The writer is a partner at Sequoia Capital
Deep in the shadowy reaches of the Conservative party, there must be a faction that pines for the days when people could stroll down the high street and join a queue outside a cinema, wait for a bank teller to beckon them forward, shop for dress patterns in Woolworths or don a pair of headphones in a record shop to listen to the B-side of a new 45 by their favourite artist.
Nostalgia, the sight of boarded-up shop fronts and aggressive lobbying by retailers and supermarket chains are the reasons the UK government is considering levying a new online sales tax — for which it is has solicited comments by May 20.
Downing Street is seeking to strengthen skills for the digital era, stimulate the creation of new technology companies and make it easier for businesses to deal with Brexit repercussions. An online sales tax would have the opposite effect.
Today, like it or not, every business is a digital business — including those on the high street. Hairdressers, coffee and ice-cream shops, butchers, fishmongers, greengrocers and chemists process payments for their non-digital services electronically.
Football clubs sell tickets and shirts online; films and music are streamed across the world; architects, advertising agencies and investment banks send business proposals in PDFs; lawyers solicit signatures electronically; yoga instructors lead classes on Zoom. Thousands of small businesses in the UK — potters, cheese producers, weavers, artists — sell their wares on Shopify or Amazon Marketplace while drumming up demand on Instagram, TikTok and Facebook, and answering customers’ questions on WhatsApp.
It’s easy to sympathise with the plight of the family-owned shop, located in the same spot on the local thoroughfare for decades, and now squeezed by the forces of progress. But it is also easy to forget that this is only the latest disruption of neighbourhood retailing. A century ago, critics were horrified when the British equivalent of “five and dime” stores, where customers could browse freely, replaced tiny shops with goods kept under lock and key behind counters. The rise of department stores, stocking everything from handbags to hammers, also brought problems for small shopkeepers. Big box retailers and the deep discounters that popped up on city outskirts spelt doom for hardware shops and corner grocers, and almost 30 years ago the jig was up for booksellers when a small company in Seattle fired up its website.
An online sales tax would amount to little more than a subsidy to landlords and shops trapped in long, uneconomic leases. And online retailers, however defined, will almost certainly pass on any tax rise to consumers.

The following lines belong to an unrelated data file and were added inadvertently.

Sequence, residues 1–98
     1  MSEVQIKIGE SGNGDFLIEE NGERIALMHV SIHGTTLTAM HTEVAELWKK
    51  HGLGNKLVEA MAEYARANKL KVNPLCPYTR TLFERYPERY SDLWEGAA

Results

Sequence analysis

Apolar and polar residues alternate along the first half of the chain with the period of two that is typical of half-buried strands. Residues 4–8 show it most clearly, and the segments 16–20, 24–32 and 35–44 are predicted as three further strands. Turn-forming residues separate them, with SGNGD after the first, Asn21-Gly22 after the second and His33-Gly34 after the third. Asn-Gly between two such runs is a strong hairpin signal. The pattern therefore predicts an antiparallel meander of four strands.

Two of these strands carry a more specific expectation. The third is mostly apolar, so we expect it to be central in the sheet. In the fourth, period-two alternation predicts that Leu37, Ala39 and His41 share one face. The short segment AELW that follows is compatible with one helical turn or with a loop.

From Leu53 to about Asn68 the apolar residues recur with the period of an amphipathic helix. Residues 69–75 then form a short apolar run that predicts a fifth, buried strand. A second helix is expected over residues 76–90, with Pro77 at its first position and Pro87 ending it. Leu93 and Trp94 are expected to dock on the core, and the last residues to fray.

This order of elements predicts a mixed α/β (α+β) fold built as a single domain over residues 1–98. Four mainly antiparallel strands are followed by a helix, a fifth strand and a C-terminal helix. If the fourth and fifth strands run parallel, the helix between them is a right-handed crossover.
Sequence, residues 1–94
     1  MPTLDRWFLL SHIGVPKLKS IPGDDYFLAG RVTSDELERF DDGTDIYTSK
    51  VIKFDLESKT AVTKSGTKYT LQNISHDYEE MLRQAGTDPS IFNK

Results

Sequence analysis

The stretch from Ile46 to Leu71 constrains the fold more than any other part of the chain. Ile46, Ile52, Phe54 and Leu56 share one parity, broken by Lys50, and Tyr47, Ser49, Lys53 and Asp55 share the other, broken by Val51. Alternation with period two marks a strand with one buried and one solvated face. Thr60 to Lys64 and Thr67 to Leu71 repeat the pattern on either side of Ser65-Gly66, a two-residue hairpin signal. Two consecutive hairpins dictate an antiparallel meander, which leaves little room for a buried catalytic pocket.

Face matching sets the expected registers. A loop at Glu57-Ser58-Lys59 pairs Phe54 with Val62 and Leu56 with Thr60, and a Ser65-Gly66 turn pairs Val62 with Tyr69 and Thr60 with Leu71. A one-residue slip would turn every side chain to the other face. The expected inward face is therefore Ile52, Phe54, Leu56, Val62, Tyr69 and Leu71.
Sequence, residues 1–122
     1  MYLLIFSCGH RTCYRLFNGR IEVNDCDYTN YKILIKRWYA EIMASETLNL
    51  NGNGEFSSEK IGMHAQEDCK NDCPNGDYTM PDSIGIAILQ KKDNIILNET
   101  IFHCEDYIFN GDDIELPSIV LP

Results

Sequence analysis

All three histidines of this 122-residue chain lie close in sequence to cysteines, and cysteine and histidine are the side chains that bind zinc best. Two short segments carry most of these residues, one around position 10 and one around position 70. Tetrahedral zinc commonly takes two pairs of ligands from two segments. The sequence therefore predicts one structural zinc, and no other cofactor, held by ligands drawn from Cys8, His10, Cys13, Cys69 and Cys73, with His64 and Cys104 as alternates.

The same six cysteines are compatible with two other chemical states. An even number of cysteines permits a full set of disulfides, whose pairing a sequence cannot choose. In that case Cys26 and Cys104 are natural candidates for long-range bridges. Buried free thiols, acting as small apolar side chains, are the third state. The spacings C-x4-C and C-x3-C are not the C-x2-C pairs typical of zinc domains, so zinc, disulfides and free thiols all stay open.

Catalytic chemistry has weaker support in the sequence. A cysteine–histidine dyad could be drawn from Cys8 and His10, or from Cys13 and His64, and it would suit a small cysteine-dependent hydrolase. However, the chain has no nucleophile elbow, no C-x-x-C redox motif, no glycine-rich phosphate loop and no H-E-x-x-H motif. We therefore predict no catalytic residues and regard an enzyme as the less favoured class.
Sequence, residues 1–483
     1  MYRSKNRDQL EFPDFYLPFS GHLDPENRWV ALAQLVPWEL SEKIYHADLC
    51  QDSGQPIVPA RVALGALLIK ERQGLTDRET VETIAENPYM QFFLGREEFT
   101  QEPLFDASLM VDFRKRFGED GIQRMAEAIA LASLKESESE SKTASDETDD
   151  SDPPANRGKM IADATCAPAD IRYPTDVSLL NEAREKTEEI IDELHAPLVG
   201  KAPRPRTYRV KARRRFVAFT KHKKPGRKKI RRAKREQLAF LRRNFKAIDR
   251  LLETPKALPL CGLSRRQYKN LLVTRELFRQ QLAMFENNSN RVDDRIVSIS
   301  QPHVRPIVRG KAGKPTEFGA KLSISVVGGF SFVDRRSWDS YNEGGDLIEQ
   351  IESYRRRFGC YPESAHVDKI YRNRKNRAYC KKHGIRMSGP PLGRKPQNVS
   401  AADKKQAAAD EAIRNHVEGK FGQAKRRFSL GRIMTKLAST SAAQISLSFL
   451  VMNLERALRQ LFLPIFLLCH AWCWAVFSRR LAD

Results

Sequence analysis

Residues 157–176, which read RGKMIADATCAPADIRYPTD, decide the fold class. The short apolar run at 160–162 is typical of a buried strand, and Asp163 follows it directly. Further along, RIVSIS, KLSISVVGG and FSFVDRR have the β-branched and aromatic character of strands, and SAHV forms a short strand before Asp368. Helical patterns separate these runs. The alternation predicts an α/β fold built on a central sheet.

San Francisco, my hometown, offers a sobering example of the consequences of levying taxes on digital businesses. The city’s tax policies are piled on top of issues that bedevil California — high housing costs, long commuting times, reams of new regulations — and have caused Oracle, Hewlett-Packard and Palantir, among others, to relocate their headquarters to friendlier climes.
In 2018, San Francisco voters approved an initiative sponsored by advocates for the homeless to slap a special tax on any business with over $50mn in revenue, with the proceeds earmarked for homelessness. An additional “administrative tax” was imposed on any San Francisco-based company — many of them thriving technology businesses — with more than 1,000 employees, irrespective of where they lived.
The result: some of San Francisco’s most vibrant employers, including Airbnb, Block, PayPal and Stripe, headed for the exit. Twitter’s potential new owner, Elon Musk, will almost certainly have no time for operating a business within a political atmosphere that seems to demonise success or progress. Some chief executives attribute their decision to abandon the city to changing work patterns brought about by the pandemic. But the roots of the flight can be traced to the 2018 tax change. Meanwhile, the homelessness problem, for all the increase in spending, has got worse.
Instead of trying to reverse history, the Conservatives may be better advised to reimagine the role of Britain’s high streets. They need look no further than Tottenham, north London, where riots erupted in 2011, to see what the future could hold. There, within the orbit of the breathtaking new football stadium, the high street is gradually finding a new purpose. An architectural firm, recording studios and a fashion training institute occupy — or will soon do so — premises that once housed shops.
Embracing tomorrow, rather than pining for yesteryear, may be a better compass setting for both the high street and for tax policy.